"Big Data" is another way to put data into a cylinder or a fluffy cloud and avoid the messy task of actually thinking about it.

    We don't need structure, we don't need logic, we'll just throw a metric crap-ton of data at it and hope something works!

    • by TheRealMindChild (743925) on Sunday August 12, 2012 @08:50PM (#40968803) Homepage Journal
      Working on a lot of code throughout my career, especially over a decade ago, storage was small and expensive, so you did all sorts of things to trim down your dataset and essentially dumb down your data mining. Now we have the mentality of "Keep everything, sort it out later". One of my most recent jobs involved doing statistical analysis on a ridiculous amount of data (think walmart sales data + all known competitors data for the past two years). Being able to even TOUCH all of the data, let alone do something with it is a real and complicated problem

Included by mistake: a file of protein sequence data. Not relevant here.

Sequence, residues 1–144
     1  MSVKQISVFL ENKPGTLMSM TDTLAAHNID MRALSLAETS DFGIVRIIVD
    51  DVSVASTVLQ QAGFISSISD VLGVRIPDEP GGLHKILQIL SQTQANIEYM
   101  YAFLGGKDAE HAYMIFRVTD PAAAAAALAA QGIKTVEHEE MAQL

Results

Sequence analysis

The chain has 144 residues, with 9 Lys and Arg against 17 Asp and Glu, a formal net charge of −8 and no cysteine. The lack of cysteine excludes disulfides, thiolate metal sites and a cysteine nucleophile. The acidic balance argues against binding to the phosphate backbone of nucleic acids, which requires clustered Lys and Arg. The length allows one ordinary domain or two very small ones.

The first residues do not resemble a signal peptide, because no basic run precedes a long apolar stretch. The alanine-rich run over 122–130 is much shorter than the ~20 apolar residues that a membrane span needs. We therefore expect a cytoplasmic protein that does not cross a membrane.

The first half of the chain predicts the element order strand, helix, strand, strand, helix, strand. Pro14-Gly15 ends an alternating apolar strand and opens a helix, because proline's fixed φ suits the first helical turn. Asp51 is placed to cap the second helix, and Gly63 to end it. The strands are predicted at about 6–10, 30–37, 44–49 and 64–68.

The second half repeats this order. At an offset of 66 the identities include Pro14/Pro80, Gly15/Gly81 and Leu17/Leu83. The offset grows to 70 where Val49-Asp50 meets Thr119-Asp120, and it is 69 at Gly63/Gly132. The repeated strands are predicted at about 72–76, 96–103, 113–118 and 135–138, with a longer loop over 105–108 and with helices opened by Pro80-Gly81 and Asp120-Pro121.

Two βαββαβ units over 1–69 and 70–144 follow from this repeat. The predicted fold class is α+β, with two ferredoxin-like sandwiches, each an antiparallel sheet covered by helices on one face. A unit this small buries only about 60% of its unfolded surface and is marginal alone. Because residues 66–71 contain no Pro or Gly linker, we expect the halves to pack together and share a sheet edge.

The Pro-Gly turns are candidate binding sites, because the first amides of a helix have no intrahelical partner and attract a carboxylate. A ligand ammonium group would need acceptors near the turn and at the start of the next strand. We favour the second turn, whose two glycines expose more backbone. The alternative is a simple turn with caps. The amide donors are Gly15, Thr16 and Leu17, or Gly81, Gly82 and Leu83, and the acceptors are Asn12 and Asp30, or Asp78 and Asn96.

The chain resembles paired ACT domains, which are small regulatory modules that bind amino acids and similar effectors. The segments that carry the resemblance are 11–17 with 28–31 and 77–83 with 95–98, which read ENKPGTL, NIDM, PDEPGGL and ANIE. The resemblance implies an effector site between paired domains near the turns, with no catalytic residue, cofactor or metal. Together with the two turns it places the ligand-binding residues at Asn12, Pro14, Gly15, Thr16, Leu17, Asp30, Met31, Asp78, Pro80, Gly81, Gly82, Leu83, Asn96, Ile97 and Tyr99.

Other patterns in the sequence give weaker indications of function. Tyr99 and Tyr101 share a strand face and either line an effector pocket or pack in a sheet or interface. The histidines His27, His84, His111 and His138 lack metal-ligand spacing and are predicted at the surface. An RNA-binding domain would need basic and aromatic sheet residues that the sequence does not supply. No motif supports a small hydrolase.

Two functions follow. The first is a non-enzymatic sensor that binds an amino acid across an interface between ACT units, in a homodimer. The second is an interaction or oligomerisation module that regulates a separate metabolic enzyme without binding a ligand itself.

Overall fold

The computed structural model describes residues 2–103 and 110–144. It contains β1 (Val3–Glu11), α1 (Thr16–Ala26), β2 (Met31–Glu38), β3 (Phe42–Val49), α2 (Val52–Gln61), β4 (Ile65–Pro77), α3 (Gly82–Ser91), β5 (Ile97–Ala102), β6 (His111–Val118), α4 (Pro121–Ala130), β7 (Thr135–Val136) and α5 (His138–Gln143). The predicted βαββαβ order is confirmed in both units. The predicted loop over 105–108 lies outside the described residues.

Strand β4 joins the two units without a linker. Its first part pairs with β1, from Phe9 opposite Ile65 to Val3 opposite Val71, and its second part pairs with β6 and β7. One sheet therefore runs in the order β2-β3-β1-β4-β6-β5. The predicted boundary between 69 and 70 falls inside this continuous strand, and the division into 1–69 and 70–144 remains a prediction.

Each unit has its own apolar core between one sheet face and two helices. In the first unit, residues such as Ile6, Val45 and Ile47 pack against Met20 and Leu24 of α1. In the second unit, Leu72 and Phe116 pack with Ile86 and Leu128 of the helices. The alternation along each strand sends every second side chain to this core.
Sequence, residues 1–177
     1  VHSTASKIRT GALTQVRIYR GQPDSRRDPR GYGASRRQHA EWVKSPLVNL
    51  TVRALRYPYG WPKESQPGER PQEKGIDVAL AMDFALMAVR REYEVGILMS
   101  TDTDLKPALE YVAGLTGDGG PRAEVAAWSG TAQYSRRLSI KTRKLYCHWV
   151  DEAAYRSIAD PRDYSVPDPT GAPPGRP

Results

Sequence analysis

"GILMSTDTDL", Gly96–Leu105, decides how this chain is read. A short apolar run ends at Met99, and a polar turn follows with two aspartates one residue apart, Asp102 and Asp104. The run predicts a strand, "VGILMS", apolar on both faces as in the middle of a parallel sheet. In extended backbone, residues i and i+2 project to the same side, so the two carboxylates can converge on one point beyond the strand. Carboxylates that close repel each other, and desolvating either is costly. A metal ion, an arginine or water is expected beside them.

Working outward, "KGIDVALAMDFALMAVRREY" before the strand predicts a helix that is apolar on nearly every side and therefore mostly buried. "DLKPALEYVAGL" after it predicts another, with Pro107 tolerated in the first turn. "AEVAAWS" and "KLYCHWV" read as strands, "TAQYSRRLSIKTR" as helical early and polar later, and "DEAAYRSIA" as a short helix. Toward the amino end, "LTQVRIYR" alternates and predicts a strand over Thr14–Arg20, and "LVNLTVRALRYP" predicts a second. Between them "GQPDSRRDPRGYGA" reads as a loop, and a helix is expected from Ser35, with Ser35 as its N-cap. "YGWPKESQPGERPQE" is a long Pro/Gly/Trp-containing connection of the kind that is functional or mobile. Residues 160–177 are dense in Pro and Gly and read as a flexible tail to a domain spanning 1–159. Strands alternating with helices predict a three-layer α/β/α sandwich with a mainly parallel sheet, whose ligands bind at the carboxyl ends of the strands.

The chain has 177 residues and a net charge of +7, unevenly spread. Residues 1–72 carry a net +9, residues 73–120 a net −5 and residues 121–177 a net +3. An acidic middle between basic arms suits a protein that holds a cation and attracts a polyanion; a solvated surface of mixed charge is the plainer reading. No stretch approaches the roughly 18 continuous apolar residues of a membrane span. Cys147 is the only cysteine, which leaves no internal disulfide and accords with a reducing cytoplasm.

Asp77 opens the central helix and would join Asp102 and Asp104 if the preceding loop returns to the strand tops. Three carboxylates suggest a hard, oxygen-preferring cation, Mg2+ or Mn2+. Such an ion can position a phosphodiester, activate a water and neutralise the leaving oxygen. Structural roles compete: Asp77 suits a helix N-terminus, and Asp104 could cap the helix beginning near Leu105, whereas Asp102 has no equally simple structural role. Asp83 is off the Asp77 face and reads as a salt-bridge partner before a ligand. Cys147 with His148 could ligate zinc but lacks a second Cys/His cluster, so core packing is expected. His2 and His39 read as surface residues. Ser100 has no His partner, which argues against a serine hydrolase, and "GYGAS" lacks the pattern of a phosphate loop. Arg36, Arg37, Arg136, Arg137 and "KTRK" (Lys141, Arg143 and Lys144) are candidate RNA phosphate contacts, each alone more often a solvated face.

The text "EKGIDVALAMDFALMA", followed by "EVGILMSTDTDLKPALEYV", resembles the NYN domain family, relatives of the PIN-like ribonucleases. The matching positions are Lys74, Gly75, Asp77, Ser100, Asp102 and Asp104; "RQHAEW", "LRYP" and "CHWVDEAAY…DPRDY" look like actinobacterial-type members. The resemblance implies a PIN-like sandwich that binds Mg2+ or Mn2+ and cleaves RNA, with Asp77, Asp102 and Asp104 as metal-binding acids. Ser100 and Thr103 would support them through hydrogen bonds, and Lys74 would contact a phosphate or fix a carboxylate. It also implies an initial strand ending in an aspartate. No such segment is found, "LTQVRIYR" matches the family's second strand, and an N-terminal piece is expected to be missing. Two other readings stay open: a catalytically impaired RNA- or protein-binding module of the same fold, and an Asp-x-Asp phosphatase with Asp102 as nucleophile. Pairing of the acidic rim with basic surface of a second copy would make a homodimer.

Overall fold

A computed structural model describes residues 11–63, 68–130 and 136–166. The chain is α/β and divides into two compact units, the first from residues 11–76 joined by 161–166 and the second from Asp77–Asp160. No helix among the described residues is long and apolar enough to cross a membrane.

• by dbIII (701233)

        Now we have the mentality of "Keep everything, sort it out later".

        That's not really new in some industries. Anyone want 6000 reels of nine track tape from a place with less than 100 staff?

      • by TapeCutter (624760) on Monday August 13, 2012 @06:54AM (#40971639) Journal

        We don't need structure, we don't need logic, we'll just throw a metric crap-ton of data at it and hope something works!

        To most software people data mining involves putting a pile of unstructured data into a structured database and then running queries on it, the time and effort required for the first step is what kills most of these projects at a properly conducted requirements stage. However Watson, (the jeopardy playing computer), has demonstrated that computers can derive arbitrary facts directly from a vast pile of unstructured data, not only that but it does it both faster and more accurately than a human can scan a lifetime of trivia stored in their own head.